Sunday, November 30, 2008

No More Black Friday Fiascos for Me

You know those early-bird Black Friday deals that so many retailers have begun offering each year on the morning after Thanksgiving? Well, I contend they are inherently unfair to the consumer.

A couple of years ago, I saw an ad on Walmart’s Website advertising a laptop computer for less than $300. I wanted one. So, even though I don’t like going to bed early and I hate getting up a second before 6:00 AM, I decided to hit the sack before midnight and set my alarm for 4:30.

I got up, splashed some water on, got dressed and headed for Walmart. I got there a couple minutes before the witching hour, but the parking lot was already so packed with cars that I had to park illegally in one of those striped handicapped areas. It wasn’t a true parking space. They always stripe off an area around the actual parking places that is large enough to park a bus, or a couple more cars. So it’s not like I was actually depriving anyone of a space.

Anyway, I braved the throngs and went inside, looking for my deal. It was barely past five in the morning when I was told the computers, all 30 of them, had already been sold. “How can that be?” I asked the clerk. “It hasn’t been five minutes since they went on sale.”

He told me they had started handing out tickets at around 2:00 AM, since Walmart is open all night. So the shoppers who were in the store at that time were the lucky ones who got to take home a new laptop on the cheap.

So that begs the question; if Walmart’s ad said the computers would go on sale at 5:00, then why were they giving out tickets to purchase them at 2:00? It meant, virtually, that everyone who had a ticket prior to five o’clock already had their computer in hand. They had a ticket, so all they had to do was trade it in for a computer at 5:00. It wasn’t fair to those shoppers, like me, who were na├»ve enough the think that a sale starting at five o’clock would actually start at that time.

In desperation, I went to Circuit City. They had also advertised a laptop deal, not quite as good as Walmart’s, but not bad. I knew I didn’t have much of a shot. By the time I got there it was already 5:30. But I was up and out, so I thought I would at least try.

I learned the same story there. Even though the store didn’t actually open until five o’clock, they started handing out tickets to those waiting in line a couple hours early. Again, a 5:00 AM sale had actually become a 3:00 AM sale. I learned my lesson.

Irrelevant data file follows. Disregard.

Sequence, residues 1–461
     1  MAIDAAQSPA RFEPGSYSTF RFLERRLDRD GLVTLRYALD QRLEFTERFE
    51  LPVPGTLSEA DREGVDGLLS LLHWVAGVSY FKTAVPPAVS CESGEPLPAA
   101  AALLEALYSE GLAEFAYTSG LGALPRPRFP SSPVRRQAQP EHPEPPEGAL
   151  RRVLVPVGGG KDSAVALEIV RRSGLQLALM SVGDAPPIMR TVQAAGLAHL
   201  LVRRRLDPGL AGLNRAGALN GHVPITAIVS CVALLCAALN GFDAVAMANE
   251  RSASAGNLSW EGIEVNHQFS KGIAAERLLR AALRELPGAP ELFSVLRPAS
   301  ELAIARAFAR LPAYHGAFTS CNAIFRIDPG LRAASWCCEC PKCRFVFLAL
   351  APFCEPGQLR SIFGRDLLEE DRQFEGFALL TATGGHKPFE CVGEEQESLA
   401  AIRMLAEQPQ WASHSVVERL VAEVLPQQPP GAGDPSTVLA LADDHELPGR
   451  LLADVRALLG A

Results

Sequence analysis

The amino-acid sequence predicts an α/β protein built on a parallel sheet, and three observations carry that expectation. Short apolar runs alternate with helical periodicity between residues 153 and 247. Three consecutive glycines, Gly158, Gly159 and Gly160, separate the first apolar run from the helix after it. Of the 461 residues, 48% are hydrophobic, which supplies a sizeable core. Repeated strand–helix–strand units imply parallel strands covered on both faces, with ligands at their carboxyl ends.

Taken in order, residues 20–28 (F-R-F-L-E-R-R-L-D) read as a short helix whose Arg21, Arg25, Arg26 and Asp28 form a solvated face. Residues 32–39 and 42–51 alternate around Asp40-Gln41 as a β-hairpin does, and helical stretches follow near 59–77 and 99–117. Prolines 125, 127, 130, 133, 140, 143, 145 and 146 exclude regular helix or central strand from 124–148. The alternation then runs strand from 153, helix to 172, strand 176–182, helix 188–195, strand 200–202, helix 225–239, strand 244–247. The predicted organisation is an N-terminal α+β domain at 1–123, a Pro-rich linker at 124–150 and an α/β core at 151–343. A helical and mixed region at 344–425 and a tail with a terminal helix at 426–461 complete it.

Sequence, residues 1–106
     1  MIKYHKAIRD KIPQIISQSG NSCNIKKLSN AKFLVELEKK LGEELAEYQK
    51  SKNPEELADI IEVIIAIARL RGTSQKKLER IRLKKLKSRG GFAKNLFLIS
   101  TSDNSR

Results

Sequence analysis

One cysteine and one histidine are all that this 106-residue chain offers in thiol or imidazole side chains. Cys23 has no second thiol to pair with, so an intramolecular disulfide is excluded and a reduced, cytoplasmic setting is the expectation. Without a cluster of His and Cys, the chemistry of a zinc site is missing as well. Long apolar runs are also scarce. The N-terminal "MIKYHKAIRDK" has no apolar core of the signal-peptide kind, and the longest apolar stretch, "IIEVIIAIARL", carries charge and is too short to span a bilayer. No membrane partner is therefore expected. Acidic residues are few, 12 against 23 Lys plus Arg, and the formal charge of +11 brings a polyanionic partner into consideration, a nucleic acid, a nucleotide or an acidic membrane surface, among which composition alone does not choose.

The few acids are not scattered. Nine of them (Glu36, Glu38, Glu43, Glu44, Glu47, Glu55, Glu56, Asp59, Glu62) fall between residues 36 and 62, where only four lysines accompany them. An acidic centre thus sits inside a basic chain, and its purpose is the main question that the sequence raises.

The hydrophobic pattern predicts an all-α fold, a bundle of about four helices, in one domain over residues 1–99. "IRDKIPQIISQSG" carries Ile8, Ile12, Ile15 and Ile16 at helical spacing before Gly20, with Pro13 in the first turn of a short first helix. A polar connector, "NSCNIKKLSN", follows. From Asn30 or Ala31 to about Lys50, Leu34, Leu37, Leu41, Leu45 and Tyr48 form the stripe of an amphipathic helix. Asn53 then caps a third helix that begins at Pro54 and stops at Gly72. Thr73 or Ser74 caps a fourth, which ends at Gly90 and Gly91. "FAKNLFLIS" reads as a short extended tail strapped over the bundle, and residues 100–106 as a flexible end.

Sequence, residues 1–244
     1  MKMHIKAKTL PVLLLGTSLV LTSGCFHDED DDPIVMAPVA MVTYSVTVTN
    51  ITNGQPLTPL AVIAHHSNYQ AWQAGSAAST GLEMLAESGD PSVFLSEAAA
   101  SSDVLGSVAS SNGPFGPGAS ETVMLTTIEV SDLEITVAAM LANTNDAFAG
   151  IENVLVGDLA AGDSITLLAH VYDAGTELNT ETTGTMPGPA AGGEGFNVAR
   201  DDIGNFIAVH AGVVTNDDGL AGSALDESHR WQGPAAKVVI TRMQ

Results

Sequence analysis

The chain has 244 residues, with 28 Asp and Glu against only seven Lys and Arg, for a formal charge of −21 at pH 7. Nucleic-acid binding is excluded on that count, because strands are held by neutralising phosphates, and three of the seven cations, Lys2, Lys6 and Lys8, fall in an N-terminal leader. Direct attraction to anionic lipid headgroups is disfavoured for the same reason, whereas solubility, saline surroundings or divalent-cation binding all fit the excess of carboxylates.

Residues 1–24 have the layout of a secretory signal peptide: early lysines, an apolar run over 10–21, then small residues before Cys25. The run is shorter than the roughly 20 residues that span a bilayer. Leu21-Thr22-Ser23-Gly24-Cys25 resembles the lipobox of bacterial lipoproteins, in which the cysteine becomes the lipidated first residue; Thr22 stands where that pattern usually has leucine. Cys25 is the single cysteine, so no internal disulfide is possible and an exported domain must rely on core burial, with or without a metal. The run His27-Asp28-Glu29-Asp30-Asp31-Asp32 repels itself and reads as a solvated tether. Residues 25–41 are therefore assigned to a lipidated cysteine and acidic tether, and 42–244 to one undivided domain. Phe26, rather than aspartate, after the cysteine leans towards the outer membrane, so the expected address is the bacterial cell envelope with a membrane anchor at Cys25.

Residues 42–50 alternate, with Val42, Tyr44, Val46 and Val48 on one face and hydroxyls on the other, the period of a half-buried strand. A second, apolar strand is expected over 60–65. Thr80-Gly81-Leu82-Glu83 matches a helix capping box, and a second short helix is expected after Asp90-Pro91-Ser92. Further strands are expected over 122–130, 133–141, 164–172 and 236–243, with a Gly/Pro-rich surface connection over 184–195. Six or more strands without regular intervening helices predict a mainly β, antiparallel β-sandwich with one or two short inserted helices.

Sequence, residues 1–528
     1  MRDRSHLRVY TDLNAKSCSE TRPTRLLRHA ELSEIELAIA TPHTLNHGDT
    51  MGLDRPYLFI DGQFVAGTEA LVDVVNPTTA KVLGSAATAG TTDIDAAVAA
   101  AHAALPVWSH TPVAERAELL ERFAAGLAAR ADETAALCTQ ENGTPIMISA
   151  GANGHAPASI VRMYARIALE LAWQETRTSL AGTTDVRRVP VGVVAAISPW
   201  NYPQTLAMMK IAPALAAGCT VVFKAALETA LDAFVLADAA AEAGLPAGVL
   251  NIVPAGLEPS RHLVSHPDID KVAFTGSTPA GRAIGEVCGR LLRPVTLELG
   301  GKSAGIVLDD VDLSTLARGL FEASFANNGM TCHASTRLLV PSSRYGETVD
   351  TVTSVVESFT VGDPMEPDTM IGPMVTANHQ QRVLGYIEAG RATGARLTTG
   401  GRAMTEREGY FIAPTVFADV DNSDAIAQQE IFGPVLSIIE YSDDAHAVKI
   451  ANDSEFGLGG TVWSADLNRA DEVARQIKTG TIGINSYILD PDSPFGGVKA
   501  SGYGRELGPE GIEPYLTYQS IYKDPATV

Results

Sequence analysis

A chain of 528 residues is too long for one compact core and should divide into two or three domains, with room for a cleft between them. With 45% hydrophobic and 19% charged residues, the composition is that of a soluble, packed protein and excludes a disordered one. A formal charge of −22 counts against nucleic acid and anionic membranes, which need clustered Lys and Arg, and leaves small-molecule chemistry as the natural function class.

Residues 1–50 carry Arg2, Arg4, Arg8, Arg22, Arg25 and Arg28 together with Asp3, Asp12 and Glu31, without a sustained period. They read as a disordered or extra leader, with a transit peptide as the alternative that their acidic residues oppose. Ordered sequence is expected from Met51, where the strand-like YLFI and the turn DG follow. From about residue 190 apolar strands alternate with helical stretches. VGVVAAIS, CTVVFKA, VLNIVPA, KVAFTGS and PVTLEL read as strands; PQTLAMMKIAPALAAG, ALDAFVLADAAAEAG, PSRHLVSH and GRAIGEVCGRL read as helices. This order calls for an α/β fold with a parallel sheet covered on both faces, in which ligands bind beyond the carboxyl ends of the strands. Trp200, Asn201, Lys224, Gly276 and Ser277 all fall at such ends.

The lesson learned was that since all the really good items are gone before the sales start on Black Friday, and the only way to get one of the products you’re shopping for is to get to the store hours early, spend most of the night there, and hope you’re one of the shoppers that get a ticket. I’m not going to play that game. I’ll forego the bargains. What I might have saved in dollars is spent in time and angst.

So, this year, I did a bit of shopping on Black Friday again. But I slept in until almost eight o’clock. I got up; my daughter and I went out for breakfast, and then we proceeded to Walmart where the Black Friday deal on a Blu-Ray disc player was for only $128.

When I got there, there were no more of those items left on the floor, so I asked an associate to check the back room. He said he didn’t think there were any more back there but he would look. I reminded him that the Walmart online site assured me that he did have some in stock.

A few minutes later he came out and said he had found two of the units, hiding on a shelf behind a bunch of carts and boxes. He would have to move a lot of stuff so it would take him a few minutes to dig one out. Oh, and one more thing: The price was no longer $128 since it was after 11:00 and the early-bird special was over. The computer had automatically kicked the price back up to the regular $198.

I told him I had no delusions that I would actually be getting one for the sale price. So I said go ahead and dig one out for me.

I happily walked out of the store with a full-priced Blu-Ray disc player. It was my first one. And although I would have been much happier had I gotten it for the sale price, I wasn’t going to play that early-bird game again, no matter what the savings.

Saturday, November 22, 2008

Things We No Longer Need

My latest column is about how technology has made some of the everyday items we still use obsolete. To read it, please go to my other blog, Wilstar's SciTech Blog.

Saturday, November 15, 2008

Priest: If You Voted for Obama, You're Going to Hell

Did you vote for Barack Obama for president? Well, if so, it’s off to hell for you unless you repent and perform some kind of penance. At least that’s the view of one Catholic priest in South Carolina.